“One of the big differences between Battlestar Galactica and Falling Skies – and by the way, you’ll find no one who loves Battlestar more than me; it was a wonderful experience – is that Battlestar was very military. The people on those ships were combat personnel first and foremost. There were some civilians but the stories were built around the pilots and the people on the Battlestar. They were warriors before the Cylon attack. Also, it was set in its own distinct time, whether that was future or past. Falling Skies is set very much now and the people that are struggling to come together in this resistance are not soldiers – they’re just people, Noah Wyle’s character was a college professor, and aside from hunting with his dad, I don’t think he’s ever picked up a gun in his life. Now he’s teaching his 16-year-old son to use an M-16, so it’s a different look into a story about an alien invasion.

“I think it’s also less technologically based than Battlestar was. We don’t have fighters and we don’t have nuclear weapons or anything. It’s basically us, and it’s about our characters trying to find the warriors inside them – because it doesn’t come naturally – also find a weakness in the aliens.”

You finished principal photography in November, and the show made its US debut in June – an eternity in television terms, especially compared to network TV. Did that make the process easier?

“Not really! [laughs] Because of the nature of the production we technically had a bit more time to prepare the stories, which was great, but once you get into production, the fact that everything’s so expensive means you really have to keep going, and once that train’s rolling, it’s rolling. Production was the usual headlong rush into chaos, at the end of which you hope you have a great show – which is true of every show I’ve worked on. What we did have, though, was enough time to do the CGI effects and the various creature effects – those didn’t have to be rushed.”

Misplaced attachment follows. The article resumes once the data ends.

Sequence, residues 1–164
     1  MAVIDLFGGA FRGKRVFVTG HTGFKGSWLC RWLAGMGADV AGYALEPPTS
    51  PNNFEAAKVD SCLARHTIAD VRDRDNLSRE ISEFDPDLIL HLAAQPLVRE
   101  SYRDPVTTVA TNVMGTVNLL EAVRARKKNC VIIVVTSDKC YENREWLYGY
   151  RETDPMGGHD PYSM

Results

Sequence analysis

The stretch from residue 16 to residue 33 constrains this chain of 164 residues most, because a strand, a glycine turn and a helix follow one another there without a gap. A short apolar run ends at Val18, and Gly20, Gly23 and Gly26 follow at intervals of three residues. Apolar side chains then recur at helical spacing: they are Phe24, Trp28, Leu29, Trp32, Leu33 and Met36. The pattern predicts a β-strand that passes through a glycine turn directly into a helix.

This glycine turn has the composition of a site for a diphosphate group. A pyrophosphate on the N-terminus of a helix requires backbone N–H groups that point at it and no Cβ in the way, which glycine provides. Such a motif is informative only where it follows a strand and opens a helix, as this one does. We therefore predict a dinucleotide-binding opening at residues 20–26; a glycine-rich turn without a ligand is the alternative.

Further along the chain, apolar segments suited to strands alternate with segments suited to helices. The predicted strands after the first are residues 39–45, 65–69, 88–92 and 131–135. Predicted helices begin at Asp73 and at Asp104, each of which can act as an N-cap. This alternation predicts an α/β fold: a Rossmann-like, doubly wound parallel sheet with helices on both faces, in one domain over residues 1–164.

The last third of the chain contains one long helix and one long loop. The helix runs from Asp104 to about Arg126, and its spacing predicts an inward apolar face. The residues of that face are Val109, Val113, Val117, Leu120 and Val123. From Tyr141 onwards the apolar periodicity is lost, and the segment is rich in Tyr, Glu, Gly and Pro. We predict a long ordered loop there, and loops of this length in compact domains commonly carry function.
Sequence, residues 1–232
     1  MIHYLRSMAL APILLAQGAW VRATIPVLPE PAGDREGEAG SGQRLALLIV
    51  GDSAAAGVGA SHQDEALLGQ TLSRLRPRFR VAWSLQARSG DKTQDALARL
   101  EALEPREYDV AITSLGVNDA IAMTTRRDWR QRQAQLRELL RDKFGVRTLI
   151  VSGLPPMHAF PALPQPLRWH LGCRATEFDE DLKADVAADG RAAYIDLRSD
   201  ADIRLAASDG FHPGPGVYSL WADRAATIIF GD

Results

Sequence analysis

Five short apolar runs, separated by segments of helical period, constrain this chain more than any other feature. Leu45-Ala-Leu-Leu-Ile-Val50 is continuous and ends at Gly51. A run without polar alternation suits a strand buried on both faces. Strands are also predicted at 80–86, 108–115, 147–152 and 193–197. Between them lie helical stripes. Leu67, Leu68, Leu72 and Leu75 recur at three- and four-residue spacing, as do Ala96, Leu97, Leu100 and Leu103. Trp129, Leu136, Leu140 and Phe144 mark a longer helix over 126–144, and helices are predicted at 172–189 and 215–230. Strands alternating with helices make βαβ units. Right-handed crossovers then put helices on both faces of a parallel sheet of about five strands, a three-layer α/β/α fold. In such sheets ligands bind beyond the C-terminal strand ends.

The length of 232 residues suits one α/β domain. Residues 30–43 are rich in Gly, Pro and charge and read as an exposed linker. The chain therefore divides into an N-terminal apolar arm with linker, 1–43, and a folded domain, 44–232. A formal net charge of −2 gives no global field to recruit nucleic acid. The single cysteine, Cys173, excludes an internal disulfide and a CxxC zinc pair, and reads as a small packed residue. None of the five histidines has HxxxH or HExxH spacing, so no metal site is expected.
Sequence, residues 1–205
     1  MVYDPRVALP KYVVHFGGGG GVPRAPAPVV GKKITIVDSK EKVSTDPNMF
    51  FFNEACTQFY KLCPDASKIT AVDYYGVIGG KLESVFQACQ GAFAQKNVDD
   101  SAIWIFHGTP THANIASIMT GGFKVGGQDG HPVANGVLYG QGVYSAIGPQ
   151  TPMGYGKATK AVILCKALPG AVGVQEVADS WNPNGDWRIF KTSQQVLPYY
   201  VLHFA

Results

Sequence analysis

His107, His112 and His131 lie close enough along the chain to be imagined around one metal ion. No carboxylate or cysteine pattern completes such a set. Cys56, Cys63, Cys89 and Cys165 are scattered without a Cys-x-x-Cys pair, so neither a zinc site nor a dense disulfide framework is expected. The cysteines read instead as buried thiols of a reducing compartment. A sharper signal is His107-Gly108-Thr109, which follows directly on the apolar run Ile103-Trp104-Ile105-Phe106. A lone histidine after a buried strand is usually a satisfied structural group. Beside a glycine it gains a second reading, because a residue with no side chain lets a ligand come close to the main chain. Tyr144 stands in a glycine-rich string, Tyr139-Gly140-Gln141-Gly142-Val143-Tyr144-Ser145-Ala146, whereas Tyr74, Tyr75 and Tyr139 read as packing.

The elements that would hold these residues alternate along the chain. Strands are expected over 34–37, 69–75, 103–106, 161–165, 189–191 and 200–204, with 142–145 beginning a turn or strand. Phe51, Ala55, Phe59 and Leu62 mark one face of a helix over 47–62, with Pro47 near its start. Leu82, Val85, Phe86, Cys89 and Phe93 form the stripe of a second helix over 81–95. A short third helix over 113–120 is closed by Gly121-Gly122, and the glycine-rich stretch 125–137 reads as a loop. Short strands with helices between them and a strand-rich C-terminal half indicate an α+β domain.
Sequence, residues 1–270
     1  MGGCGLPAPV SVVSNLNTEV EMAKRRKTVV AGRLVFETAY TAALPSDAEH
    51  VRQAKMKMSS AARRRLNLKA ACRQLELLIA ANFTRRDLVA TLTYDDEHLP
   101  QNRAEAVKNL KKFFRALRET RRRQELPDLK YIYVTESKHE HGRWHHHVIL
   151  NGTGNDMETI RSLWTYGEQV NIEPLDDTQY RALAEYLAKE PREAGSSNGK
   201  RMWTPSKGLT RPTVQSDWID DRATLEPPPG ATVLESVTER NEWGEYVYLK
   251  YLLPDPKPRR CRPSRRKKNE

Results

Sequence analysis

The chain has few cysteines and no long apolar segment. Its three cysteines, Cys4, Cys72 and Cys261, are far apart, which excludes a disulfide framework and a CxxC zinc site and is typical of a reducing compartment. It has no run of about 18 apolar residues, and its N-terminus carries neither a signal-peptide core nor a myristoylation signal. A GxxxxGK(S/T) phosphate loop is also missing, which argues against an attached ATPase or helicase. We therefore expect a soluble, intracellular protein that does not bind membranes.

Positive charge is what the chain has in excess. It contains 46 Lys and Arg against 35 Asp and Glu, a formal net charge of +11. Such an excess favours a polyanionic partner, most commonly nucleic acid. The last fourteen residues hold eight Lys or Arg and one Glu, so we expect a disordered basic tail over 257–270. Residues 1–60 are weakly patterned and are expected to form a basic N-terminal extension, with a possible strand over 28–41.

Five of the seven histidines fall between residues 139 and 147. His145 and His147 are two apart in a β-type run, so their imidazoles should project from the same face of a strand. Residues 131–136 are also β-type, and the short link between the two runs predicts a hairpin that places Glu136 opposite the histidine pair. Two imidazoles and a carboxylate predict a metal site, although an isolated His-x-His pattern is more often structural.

Stephen Hawking recently compared a visit from an extraterrestrial superpower being akin to Christopher Columbus’s arriving in America – “which didn’t turn out very well for the Native Americans”. Do you tap into that idea in the show?

“He did say that. It’s a little scary, isn’t it? Steven Spielberg himself has made several different twists on the alien invasion story, from Close Encounters to War Of The Worlds , and my hope is that if they were ever to show up they’d be more the Close Encounters or ET version. But Hawking’s is an interesting quote. He may be right – the truth is any alien race that had the technology to get here would be a pretty successful species.”

Do you have a long term plan for Falling Skies ? Will it play out beyond the first season?

“When you get to the end of the first season you’ll see that we’ve just scratched the surface about what’s going on, so there are definitely long-term plans. Everybody’s fingers are crossed that if it gets a good audience it gets renewed and it’ll come back for season two and be really fun.”

Falling Skies starts on FX at 9pm tonight

Richard is a freelancer journalist and editor, and was once a physicist. Rich is the former editor of SFX Magazine, but has since gone freelance, writing for websites and publications including GamesRadar+, SFX, Total Film, and more. He also co-hosts the podcast, Robby the Robot's Waiting, which is focused on sci-fi and fantasy.